So you do this cool trade, where the whole thing that's as high as an elephant's eye is suddenly mowed down, baled, stacked, and carted off, all for free. Their part is they get to go sell it. Any farmer will tell you they get the sweeter deal but if you don't have any animals to feed, not enough brawn to stack and no hay mows to fill hay is just hay, and there's a lot of it. [That's pronounced maow.]
So every day it was dry we'd hope Mr. Burke was coming, and then he never would. Finally when Ann called again she got his wife who was very very polite but assured us he would come. As in, stop calling us.
Finally, out of the blue on the first dry morning of four days of no rain, up the driveway came a tractor with an umbrella over it!
And: 92-year old Mr. Burke!
First thing he said when I went out to meet him was: Do you want me to do this every year?
He's been mowing here for 50 years but he just wanted to check.
And then he went away.
And the next day he showed up again with another attachment, which turns out is the bailer. This machine is all the more impressive because all around us are farms with giant attachments that bale up the hay and put plastic around it while the driver is watching TV or something. No shade to those farmers but old school doesn't even begin to describe Mr. Burke's operation.
He scoops up the hay, it turns into rectangles, the baling twine whisks around it and out comes a stack, one at a time, chug chug all day until you got many square piles of hay.
|He put them into long piles...|
|...then ran over them with the bailer and magically, they turned into rectangles!|
Shoot, I can't get it to rotate so you'll have to turn your computer... (Dana?!)
Then some strong young men appeared out of nowhere and threw the bundles into piles. Turns out they were his grandsons.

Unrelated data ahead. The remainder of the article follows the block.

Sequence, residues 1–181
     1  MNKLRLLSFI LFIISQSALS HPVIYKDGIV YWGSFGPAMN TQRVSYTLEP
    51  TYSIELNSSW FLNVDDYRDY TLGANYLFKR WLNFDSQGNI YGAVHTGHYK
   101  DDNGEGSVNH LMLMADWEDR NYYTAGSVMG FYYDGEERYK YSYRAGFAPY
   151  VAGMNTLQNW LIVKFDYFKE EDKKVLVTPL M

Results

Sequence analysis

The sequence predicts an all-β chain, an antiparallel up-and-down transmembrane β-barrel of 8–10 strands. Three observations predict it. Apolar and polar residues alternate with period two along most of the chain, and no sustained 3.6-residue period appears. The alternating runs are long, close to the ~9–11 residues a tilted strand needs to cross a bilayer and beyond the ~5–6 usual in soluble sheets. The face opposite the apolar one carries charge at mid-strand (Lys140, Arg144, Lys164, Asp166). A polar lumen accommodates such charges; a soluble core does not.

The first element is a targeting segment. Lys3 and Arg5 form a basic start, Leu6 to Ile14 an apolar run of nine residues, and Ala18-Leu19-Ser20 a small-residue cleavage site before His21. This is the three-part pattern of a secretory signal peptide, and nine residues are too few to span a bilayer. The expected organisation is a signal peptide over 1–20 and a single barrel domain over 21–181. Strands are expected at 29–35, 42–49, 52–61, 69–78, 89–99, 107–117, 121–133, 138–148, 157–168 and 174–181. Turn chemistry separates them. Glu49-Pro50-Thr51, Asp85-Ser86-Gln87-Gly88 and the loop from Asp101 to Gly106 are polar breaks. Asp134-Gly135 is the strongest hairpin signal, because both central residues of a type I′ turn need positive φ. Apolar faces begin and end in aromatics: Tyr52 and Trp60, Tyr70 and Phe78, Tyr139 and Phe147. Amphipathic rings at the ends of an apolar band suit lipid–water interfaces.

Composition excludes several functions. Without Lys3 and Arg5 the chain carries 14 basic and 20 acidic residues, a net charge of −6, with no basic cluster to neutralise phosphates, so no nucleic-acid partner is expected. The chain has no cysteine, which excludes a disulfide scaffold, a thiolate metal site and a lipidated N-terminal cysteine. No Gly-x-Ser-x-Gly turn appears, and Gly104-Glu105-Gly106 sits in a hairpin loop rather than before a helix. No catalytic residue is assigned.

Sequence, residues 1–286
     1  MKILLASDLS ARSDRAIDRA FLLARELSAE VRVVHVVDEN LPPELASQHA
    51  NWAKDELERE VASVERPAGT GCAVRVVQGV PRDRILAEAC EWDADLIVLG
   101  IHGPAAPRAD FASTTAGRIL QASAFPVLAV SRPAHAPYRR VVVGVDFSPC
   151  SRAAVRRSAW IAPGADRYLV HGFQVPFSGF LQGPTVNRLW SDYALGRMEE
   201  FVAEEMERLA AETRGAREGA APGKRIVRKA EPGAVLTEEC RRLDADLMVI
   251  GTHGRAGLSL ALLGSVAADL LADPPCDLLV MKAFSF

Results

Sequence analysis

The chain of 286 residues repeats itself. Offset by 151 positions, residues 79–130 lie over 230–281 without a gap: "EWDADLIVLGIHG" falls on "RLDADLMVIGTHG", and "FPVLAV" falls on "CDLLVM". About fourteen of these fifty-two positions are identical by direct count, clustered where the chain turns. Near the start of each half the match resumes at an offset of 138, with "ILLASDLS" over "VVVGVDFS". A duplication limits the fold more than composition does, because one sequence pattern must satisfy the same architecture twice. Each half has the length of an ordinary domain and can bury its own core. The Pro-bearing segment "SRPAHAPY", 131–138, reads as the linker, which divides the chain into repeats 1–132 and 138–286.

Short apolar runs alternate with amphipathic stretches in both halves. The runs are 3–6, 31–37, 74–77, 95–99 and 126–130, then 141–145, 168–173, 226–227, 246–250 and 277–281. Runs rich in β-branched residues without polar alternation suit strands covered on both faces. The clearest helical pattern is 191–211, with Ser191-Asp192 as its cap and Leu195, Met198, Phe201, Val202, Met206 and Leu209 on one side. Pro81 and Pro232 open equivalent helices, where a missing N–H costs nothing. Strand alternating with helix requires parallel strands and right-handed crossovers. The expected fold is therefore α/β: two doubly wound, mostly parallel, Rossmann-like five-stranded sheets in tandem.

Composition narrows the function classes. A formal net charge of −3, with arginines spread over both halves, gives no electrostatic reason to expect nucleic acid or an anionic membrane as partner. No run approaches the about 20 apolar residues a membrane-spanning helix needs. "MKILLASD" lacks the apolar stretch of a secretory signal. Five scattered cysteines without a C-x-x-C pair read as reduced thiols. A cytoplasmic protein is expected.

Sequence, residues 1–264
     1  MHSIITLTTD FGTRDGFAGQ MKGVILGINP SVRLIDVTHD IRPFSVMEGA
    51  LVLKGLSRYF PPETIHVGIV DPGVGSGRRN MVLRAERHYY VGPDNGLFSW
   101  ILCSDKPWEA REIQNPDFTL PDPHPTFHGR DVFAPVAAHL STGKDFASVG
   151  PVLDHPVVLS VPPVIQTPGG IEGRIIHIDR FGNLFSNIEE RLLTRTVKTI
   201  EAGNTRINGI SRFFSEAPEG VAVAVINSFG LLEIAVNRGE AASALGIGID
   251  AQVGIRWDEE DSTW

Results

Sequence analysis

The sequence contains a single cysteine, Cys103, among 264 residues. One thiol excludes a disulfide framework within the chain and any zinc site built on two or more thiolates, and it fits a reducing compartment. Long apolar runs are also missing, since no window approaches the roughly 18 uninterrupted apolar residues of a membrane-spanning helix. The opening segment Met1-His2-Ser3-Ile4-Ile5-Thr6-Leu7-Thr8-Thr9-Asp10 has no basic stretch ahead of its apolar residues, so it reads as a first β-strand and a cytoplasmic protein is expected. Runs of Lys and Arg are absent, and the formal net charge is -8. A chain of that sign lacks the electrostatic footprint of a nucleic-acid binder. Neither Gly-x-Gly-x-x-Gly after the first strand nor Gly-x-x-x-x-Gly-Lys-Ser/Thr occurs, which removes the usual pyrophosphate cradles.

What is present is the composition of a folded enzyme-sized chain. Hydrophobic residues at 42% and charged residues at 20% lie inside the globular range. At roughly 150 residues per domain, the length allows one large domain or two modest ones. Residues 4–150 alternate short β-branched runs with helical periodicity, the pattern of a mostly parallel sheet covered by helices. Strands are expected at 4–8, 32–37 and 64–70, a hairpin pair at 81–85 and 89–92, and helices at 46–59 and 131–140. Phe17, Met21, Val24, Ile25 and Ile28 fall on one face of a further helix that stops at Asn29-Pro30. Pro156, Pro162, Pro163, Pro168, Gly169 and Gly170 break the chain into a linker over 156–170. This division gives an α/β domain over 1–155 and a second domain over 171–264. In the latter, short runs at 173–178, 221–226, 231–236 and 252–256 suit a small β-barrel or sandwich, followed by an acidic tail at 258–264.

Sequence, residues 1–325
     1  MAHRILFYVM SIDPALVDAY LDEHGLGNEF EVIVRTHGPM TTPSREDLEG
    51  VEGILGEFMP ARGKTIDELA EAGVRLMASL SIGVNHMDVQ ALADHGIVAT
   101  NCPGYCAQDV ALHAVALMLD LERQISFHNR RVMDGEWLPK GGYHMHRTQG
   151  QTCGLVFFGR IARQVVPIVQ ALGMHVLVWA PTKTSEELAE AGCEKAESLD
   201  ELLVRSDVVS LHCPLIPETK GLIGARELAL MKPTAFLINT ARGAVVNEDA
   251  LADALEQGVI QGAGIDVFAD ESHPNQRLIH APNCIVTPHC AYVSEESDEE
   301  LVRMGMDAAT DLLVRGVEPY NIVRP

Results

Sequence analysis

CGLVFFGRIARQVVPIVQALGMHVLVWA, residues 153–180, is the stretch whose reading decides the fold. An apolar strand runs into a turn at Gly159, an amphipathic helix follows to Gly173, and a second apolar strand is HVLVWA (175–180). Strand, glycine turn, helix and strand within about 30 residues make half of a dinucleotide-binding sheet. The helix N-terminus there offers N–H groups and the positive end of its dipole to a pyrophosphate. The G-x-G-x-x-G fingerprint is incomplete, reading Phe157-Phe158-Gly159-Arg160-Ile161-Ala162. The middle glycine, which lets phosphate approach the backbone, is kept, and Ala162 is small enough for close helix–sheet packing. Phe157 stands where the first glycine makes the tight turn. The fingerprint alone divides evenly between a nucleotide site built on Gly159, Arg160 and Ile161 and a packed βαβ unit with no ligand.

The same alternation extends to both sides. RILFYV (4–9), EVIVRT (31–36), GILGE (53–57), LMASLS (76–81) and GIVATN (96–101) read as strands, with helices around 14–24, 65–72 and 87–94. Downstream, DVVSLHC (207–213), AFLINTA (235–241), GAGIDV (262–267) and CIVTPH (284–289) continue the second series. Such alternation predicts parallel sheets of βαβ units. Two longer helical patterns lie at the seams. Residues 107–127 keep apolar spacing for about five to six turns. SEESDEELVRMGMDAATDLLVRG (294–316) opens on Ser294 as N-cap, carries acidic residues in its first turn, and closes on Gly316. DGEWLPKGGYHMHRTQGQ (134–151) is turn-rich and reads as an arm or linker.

|I kept three of these to put around the firepit. Not too close though.|
|Cat with sunset and mowed field.|
|Two holes, which later spread to three. Then four.|
BeesIn other news, some of you may know that yellow jackets are not bees. They're wasps. And apparently have no real value. They have had a heyday this season and everyone's complaining about them.
In more pangs of guilt I must add that they were right by the door and when we stopped to greet people or say goodbye we were right under them.
|Cowboy hat, balaclava, goggles, long-sleeve shirt and pants in 85-degree heat, snow boots, and gloves.|
The next day they were in my office. Dying. We still don't know how they got in, the window was closed. I spent the day moving slowly, especially when I got up or down, or moved my mouse. It seemed only fair.
The thing about deciding to kill something is you think that's it. But when they don't die you have to kill them again.
I sprayed them every night for four nights. Then, in a salute to their perseverance and the fear of creating radioactive bees (I also tried peppermint and dish soap), I stopped spraying them.
They seem calmer. I prefer to think of them as deciding to share the space quietly with us but they're probably drunk or completely intellectually impaired now.
|More evidence of letting things go: Ektomi (the spider) snared two bees within ten minutes. Around my Buddha statue.|
There are at least four other nests in the ground, which we have allowed to stay.
This morning we found a giant wasp hole that had been unearthed by something. I say anteater, Ann says bear. We have fun here in the country.
|This is about all I saw of them. They said nary a word the whole trip.|
Lessee what else... I cannot seem to get a good sunset but this is pretty good.
I know you're wondering about Bodie so here's a pic. No, he's not dead, just rolling in the grass after taking an illicit mudbath.
The PrideNope, it's not a GLBT thing, it's what they call the WVU Marching Band, of which Ann was a proud member while a student there. She was first trumpet. So we just had to watch them practice.